The purpose of the not-for-profit Aesthetic Realism Foundation is to meet the urgent need for people throughout America and the world to see each other and reality fairly. The means to that fairness is Aesthetic Realism, the philosophy founded in 1941 by Eli Siegel, American poet, critic, and educator. Located in SoHo, NYC, the foundation is a center for culture and kindness. It offers classes in the visual arts, poetry, music, anthropology, and more. There are public seminars, individual consultations, workshops for teachers, and thrilling dramatic and musical events. People of all ages understand themselves newly through the principles of Aesthetic Realism. Read more
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Nancy Huntting, Aesthetic Realism consultant, writes:
“The Two Kinds of Cleverness” describes the difference between true and false cleverness in social life, in economics, and in literature. You’ll see why this subject is important—is, in fact, urgent—in the thrilling, surprising new issue of The Right of Aesthetic Realism to Be Known.
The Value of Objects
Double Prints by Dorothy & Chaim Koppelman
Classes in Poetry, Music, Art, Education, Acting, Singing, Anthropology, Film Studies & more. For information, click here.
It is with great feeling that we say: On October 25, 2017 Dorothy Koppelman–artist, Aesthetic Realism consultant, founding director of the Terrain Gallery, and one of the most important women in cultural history–died at the age of 97. We thank her profoundly and with love, as will people everywhere in all the years to come.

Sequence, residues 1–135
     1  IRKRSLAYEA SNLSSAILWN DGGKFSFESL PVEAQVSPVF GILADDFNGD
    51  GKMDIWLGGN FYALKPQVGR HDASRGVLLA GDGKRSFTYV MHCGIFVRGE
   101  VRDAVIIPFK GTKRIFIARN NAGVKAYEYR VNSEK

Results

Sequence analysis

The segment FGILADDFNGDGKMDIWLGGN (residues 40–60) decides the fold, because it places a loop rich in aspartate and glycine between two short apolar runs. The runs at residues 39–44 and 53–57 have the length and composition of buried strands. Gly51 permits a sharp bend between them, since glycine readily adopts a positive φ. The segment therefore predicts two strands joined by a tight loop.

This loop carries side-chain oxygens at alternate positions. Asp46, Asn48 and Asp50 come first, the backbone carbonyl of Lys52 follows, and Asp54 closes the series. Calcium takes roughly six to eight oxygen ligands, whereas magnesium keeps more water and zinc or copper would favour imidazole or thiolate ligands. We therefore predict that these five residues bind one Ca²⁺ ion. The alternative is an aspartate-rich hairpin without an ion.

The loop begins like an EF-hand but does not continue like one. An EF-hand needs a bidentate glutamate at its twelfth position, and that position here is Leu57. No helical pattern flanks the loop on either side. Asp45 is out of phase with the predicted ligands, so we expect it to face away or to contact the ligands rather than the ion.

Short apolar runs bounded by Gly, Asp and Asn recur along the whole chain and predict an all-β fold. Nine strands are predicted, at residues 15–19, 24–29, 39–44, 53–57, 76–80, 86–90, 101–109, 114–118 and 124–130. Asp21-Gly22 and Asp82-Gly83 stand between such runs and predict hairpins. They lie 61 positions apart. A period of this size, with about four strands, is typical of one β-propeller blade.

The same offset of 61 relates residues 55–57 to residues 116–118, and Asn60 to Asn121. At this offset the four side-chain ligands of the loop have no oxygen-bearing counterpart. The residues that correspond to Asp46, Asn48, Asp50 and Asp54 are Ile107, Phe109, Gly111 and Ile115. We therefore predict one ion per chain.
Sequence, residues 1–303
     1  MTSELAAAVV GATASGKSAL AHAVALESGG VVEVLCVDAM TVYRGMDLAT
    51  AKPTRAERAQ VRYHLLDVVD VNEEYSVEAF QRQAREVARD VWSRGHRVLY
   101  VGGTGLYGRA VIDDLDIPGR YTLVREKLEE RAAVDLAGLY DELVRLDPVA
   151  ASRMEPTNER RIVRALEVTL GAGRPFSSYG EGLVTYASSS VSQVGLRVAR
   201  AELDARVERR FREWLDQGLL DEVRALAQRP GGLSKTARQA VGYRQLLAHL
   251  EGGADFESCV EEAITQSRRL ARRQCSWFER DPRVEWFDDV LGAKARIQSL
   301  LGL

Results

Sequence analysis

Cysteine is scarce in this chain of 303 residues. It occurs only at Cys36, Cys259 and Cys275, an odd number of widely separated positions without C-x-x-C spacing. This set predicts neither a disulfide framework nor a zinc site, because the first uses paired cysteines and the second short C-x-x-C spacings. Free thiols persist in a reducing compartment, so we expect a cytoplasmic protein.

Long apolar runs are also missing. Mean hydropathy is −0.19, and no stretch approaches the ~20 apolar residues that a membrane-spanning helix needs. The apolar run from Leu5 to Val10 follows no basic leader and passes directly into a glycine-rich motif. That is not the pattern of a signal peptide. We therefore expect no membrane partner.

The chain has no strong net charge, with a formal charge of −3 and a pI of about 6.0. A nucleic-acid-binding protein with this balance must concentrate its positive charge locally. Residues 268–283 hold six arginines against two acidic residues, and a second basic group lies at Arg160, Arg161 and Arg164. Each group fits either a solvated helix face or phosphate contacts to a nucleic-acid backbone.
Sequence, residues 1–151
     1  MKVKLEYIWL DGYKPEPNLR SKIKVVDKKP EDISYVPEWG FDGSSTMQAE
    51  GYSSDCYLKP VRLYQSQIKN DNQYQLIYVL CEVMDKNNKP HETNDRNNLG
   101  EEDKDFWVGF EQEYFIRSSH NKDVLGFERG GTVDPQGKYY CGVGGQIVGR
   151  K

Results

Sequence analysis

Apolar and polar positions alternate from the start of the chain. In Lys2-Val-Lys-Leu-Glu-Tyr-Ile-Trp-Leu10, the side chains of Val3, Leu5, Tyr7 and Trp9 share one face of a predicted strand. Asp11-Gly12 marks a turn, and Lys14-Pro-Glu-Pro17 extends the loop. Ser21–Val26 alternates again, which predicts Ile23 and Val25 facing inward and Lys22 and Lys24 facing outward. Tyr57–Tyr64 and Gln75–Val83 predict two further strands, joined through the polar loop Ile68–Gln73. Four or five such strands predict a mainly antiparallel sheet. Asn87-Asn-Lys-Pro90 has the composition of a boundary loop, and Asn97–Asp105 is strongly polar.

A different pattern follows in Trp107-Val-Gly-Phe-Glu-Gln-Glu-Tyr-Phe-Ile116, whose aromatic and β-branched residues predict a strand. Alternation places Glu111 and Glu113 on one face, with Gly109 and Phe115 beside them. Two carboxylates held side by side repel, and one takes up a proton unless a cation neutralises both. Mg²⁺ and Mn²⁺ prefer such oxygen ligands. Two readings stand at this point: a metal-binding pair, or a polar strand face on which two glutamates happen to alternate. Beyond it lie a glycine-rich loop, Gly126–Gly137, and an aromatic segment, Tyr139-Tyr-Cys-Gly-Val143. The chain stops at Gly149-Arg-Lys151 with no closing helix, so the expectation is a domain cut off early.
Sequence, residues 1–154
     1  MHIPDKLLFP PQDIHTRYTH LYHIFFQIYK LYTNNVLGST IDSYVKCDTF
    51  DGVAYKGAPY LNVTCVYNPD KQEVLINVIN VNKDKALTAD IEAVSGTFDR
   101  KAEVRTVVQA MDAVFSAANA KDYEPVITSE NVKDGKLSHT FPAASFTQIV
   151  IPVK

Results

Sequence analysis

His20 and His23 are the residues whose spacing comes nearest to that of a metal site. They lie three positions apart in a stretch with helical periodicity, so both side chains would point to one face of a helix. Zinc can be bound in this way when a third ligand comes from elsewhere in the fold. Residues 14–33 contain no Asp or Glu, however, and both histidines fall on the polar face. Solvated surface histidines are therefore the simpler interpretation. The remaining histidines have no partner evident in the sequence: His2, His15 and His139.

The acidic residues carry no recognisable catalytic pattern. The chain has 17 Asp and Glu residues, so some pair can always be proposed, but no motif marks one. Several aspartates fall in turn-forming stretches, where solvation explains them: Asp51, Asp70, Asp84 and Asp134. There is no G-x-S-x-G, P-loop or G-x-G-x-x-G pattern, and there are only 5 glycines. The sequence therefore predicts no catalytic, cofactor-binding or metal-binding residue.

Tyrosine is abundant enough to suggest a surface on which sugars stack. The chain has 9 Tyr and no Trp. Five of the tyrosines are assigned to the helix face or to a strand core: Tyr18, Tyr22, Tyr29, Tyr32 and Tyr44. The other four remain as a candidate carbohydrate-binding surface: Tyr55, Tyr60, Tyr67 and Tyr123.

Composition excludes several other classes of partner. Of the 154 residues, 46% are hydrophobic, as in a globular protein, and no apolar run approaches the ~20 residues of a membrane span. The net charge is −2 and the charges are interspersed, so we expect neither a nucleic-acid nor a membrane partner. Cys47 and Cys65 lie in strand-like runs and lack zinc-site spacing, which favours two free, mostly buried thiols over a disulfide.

Keen original perception, courage, strength of mind, and deep human sympathy characterized both her life and her art. Studying Aesthetic Realism with its founder, Eli Siegel, beginning in 1942, she saw its truth and tremendous value,…more
Read what architect Dale Laurin writes about the value of Aesthetic Realism, including for people’s individual lives!
“What teaching method can enable the young people of America to learn successfully—and become kinder? Is there an ethical, beautiful, utterly practical way of seeing economics in America—a way that’s just to all people? Is there a means for men and women really to know themselves and feel one’s life has a purpose that strengthens one, makes one happy and proud?…” more
See this stirring film of Eli Siegel’s Nation prize-winning poem “Hot Afternoons Have Been in Montana.” Historian Howard Zinn said of it:
“Ken Kimmelman’s reproduction, on film, of Eli Siegel’s magisterial poem, is an extraordinary achievement. It matches, in its visual beauty, the elegance of Siegel’s words, and adds the dimension of stunning imagery to an already profound work of art.”